The authors caution that more research on the role of DAA is necessary before scientists can draw clear or specific conclusions.

Little research has tested the safety of DAA or assessed whether it is safe to use alongside other supplements or medications. People considering this supplement should talk to a doctor first, particularly if they take other drugs.

As with any drug, it is possible to have an allergic reaction to DAA. In rare cases, allergic reactions can be life threatening.

Researchers do not yet know the long-term effects of taking DAA, so the safety of prolonged use is unclear.

People who wish to take DAA should not let it delay them getting medical treatment for ED. In cases where an underlying medical condition is causing ED, treatment for this condition is likely essential for symptoms to improve.

Although DAA might improve symptoms of ED, the evidence supporting other strategies is stronger. These options include:

  • Testosterone injections: People with low testosterone may be better able to get or sustain an erection with testosterone treatment. However, increasing the levels of this hormone may not improve ED.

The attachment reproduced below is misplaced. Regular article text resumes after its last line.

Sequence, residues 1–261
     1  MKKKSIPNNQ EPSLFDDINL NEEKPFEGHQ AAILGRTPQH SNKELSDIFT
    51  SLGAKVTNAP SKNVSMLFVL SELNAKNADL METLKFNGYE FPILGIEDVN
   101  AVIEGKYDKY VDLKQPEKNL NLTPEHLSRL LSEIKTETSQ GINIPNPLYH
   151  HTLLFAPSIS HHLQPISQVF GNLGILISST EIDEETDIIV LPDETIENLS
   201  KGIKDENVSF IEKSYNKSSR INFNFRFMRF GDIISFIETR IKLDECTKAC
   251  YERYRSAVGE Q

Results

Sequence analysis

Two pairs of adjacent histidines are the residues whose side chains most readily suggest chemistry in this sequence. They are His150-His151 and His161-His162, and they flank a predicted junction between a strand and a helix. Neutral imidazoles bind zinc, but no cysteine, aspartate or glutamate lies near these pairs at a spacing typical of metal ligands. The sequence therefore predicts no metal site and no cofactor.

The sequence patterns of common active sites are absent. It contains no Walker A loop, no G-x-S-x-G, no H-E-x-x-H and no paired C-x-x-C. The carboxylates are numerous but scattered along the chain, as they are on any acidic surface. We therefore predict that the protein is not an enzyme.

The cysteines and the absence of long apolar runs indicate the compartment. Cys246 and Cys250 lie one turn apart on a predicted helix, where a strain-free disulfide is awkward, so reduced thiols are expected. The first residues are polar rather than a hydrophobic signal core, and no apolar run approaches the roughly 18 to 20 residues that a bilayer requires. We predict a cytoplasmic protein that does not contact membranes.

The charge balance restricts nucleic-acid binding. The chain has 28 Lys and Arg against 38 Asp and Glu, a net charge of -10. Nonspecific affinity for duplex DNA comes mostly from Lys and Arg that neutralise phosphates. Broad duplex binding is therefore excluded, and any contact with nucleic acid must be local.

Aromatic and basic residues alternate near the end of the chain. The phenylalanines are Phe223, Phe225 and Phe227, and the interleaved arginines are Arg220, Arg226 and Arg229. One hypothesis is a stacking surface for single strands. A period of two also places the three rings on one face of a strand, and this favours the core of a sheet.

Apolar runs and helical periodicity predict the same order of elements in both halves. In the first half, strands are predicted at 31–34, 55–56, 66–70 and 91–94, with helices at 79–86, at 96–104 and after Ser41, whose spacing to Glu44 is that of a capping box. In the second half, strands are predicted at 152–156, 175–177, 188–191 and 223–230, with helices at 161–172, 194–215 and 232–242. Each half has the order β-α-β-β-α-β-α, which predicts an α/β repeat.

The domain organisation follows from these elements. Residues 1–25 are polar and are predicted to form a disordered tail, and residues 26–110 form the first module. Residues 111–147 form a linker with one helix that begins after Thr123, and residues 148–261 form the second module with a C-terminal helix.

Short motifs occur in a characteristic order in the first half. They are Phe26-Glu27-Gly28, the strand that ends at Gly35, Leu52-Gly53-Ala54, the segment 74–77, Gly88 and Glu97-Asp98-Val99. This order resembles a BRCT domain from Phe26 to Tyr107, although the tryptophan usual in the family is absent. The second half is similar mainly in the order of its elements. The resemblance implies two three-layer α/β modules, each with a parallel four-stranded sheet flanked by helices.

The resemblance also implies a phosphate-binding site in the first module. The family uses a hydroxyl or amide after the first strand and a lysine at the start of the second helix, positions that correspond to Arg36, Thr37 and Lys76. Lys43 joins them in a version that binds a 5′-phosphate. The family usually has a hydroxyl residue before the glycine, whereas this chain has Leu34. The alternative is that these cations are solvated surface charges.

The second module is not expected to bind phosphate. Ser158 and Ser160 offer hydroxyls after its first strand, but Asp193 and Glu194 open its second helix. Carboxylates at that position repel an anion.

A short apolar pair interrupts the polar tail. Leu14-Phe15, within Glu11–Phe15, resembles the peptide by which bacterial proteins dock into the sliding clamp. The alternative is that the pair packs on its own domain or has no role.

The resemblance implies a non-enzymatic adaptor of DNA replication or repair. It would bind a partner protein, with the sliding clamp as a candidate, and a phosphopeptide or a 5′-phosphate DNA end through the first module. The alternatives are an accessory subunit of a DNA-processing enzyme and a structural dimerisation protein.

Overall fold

• ED drugs: These drugs help increase blood flow to the penis and are safe and effective for most people. Some examples of ED drugs include sildenafil (Viagra), tadalafil (Cialis), avanafil (Stendra), and vardenafil (Levitra). A doctor can offer advice on which drug to try and provide a prescription.
  • Medical devices: A wide range of devices can help a person get an erection. A penis pump, for example, is safe to use at home and pulls blood into the penis to make it erect.
  • Surgery: Rarely, people with certain pelvic or vascular injuries may need surgery to ensure that the blood flow to the penis is adequate.